Wisconsin is, in a sense, near-ideal terrain for a showdown with the Tea Party brand of Republicanism. The actors in the drama are overwhelmingly white, putting the raw class nature of capital’s aggressions in stark relief. With relatively few Black scapegoats to complicate the issue, white folks must confront the bare facts of the way late-stage capitalism tramples ordinary people as it careens from crisis to crisis. Or, maybe not. White supremacy is a dynamic ideology that has always been central to the domestic functions of American Exceptionalism, distorting not just race relations but all other social relations, as well. Once the foundational Nigger has been invented and given life in the public mind, with all his purported logic-bending and society-polluting defects, his characteristics can be imputed to other targeted groups – a ready-made demonization kit. Public employees in general and teachers in particular now find themselves Niggerized as lazy featherbedders, no-count malingerers, fellow travelers with welfare queens and other human malignancies that must be excised so that the free market can work its wonders. Glen Ford ☀
Nothing in this cartoon makes sense. The prank call to Walker shows that Walker has no idea what David Koch sounds like, so it’s pretty clear they don’t talk to each other. Needless to say, there’s no evidence that Koch ever suggested to Walker that Walker take on the public unions, much less that it would be “no problem” to do so. And Koch has no personal stake in the matter; he own private companies, and the fight is over public employees.
The billionaire Koch brothers played an “influential role” an overt national political campaign starting in early 2011 to end the collective bargaining rights of workers who belong to public unions. The push to bust the unions started in Wisconsin in February, 2011, and spread to other states that had newly-elected Republican governors whose campaigns had been supported by the Kochs. In a February 26, 2011 article, Andrew Stern of Reuters tied the Koch brothers and their businesses directly to the union-busting effort, saying, “Charles and David Koch, who both rank 24th on the Forbes list of the world’s richest people with $17.5 billion each, are behind campaign donations of tens of thousands, if not millions, of dollars to Republicans leading the anti-union effort.” As libertarian stalwarts, the article said, the Koch brothers have spent hundreds of millions of dollars since the 1960s to help destroy unions. “This is all a wave of political belief that the Kochs unquestionably have funded in various ways for years and years,” said Brian Doherty, editor of Reason Magazine, published by a think tank funded by the Kochs.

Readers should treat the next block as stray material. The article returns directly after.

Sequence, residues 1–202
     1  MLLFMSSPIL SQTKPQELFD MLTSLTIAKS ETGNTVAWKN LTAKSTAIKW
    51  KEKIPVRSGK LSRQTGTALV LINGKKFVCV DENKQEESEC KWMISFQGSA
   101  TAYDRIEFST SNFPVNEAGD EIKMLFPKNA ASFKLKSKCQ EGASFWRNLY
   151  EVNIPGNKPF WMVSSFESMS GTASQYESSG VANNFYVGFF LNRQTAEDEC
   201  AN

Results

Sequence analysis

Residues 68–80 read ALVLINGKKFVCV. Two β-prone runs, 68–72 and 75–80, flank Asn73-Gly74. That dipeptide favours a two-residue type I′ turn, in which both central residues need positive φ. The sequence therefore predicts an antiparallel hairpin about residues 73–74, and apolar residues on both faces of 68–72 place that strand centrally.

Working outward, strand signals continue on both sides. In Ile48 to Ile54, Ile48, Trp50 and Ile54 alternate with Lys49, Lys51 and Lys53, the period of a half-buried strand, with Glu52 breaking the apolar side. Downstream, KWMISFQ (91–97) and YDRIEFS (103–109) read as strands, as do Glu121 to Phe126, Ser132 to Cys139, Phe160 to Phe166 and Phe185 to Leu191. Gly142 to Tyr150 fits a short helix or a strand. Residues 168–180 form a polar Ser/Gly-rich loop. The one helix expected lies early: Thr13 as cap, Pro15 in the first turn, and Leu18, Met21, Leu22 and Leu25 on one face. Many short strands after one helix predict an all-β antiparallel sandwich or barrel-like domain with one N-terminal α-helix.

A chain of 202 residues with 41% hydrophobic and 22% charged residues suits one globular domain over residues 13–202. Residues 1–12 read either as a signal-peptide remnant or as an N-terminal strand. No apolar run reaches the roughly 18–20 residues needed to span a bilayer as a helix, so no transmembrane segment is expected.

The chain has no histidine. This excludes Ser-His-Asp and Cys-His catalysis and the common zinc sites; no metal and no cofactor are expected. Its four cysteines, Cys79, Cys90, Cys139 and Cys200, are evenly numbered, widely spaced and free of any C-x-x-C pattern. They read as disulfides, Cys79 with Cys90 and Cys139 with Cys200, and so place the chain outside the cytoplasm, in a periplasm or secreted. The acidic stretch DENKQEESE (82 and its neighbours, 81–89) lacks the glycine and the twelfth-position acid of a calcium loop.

Scott Hagerstrom, executive director of the Koch-funded front group, Americans for Prosperity in a speech to attendees of the 2011 Conservative Political Action Conference (CPAC) , publicly advocated taking unions out “at the knees,” which contradicted public statements to the contrary made by Republican governors, like Wisconsin’s Gov. Scott Walker, regarding anti-union legislation being brought in state legislatures nationally. Walker has insisted unwaveringly to the public that the union-busting effort it purely an economic move designed to help bring the state out of debt.
As ThinkProgress has reported, the global conglomerate Koch Industries not only helped elect Gov. Scott Walker (R-WI), but is the leading force orchestrating his union-busting campaign. Koch gave Walker over $43,000 in direct donations and its allies aired millions of dollars worth of attack ads against his Democratic opponent. Then, Koch political operatives pressured Walker to crush labor unions as one of his first priorities. Tim Phillips, a former lobbying partner to Jack Abramoff and current president of Americans for Prosperity, a front financed by David Koch, told the New York Times that Koch operatives “had worked behind the scenes to try to encourage a union showdown.” A Koch-financed front group, the American Legislative Exchange Council, has prepped Wisconsin GOP lawmakers with anti-labor legislative ideas.
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